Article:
One high-schooler who went through the course summed it up very nicely: “At the start, my classmates and I barely discussed the course, except to whisper embarrassed questions in the girls’ bathroom during lunch. In a few weeks, we discussed it openly among ourselves and even with a male audience nearby. Shortly after that, we were pulling our charts out in the cafeteria or in study halls. My fertility is no longer a taboo subject, and I have discussed it and the class with numerous outsiders—curious adults, and friends at work. Face it, mucus is a great conversational piece.”

If the sex education curricula being taught in the Catholic schools seem suspiciously similar to those in the public schools, that’s probably because they are in many cases literally the same—with a few mentions of Jesus, Mary, and God thrown into the Catholic version.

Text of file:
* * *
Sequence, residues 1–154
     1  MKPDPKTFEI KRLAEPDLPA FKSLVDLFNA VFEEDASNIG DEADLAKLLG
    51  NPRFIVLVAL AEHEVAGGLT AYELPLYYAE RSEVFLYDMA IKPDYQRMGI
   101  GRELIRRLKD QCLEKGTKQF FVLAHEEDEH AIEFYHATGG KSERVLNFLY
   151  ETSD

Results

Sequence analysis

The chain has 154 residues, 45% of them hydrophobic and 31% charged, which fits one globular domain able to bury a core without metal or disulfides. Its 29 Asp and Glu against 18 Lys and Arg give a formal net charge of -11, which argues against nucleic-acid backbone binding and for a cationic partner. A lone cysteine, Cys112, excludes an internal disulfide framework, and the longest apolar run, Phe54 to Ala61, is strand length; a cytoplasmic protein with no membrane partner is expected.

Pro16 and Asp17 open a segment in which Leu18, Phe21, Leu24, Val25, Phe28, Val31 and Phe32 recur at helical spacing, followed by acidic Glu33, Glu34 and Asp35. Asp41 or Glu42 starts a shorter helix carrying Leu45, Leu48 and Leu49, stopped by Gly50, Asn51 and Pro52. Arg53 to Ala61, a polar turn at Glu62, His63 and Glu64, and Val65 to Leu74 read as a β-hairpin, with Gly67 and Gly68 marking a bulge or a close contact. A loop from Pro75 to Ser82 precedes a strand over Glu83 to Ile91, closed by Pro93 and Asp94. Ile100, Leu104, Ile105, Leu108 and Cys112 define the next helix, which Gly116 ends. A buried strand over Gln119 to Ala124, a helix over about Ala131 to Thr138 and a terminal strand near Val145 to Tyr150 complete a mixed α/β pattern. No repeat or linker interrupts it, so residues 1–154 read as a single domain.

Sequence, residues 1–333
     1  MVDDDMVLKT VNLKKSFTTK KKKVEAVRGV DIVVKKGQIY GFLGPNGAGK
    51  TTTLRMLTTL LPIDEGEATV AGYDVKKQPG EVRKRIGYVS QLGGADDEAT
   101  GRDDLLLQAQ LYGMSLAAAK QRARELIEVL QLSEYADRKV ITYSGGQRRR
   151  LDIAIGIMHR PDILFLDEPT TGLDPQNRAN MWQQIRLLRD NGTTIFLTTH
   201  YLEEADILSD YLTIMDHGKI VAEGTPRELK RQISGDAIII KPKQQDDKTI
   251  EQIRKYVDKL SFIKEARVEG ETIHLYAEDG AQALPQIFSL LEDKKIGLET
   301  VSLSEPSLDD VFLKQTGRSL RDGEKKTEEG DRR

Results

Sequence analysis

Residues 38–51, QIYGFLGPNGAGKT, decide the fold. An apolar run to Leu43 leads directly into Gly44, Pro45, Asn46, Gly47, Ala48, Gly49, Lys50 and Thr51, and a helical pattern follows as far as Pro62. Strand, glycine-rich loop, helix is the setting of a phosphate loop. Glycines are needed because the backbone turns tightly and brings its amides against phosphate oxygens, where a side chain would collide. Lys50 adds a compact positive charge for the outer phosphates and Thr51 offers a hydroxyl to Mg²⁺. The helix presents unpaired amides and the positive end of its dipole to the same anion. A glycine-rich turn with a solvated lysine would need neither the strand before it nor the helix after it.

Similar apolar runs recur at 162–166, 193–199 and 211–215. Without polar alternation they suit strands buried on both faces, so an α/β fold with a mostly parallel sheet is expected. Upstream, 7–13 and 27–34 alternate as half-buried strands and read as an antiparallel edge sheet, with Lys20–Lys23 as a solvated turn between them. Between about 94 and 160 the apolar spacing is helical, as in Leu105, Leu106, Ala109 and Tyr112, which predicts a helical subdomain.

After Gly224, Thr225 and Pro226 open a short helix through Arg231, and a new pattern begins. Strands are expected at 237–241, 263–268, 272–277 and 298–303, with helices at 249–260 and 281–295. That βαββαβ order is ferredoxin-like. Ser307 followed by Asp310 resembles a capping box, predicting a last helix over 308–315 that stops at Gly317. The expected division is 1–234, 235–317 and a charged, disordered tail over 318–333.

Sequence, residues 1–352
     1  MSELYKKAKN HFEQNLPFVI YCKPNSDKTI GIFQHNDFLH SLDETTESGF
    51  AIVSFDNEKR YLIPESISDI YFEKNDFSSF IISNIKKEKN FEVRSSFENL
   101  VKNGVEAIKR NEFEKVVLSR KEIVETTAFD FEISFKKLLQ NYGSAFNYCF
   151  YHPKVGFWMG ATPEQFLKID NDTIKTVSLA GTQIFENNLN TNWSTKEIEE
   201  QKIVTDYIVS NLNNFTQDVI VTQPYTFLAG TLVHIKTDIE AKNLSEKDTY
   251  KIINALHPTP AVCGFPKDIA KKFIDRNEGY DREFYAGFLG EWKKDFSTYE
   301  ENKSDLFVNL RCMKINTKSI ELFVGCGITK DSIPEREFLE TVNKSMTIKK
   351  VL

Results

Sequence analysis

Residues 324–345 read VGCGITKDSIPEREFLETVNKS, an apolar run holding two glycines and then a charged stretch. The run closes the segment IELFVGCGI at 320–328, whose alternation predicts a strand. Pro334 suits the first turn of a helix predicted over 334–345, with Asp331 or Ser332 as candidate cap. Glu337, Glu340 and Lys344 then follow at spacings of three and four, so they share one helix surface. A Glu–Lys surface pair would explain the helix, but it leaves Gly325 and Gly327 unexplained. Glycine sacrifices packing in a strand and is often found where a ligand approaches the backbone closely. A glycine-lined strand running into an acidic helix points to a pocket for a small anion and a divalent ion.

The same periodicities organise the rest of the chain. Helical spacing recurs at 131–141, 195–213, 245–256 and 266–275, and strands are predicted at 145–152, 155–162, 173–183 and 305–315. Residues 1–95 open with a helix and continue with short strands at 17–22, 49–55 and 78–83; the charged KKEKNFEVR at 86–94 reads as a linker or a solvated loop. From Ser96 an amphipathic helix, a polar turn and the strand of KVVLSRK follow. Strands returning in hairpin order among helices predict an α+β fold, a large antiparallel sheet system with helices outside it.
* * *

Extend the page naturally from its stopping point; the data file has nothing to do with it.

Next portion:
Clearly the Catholic educational establishment has been entirely seduced by the claims of the sex education establishment that their programs foster chastity and protect children from unpleasant sexual consequences like venereal disease and pregnancy. The appalling increases in both—as well as the explosion of teen-age promiscuity—since sex education became fashionable 30 years ago have by now thoroughly discredited those claims. It is common knowledge that that discrediting doesn’t faze secular educators one whit. The surprise—particularly for parents who thought they might find a haven of decency in the Catholic schools—is that Catholic educators are just as indifferent to the truth about sex education as their secular counterparts.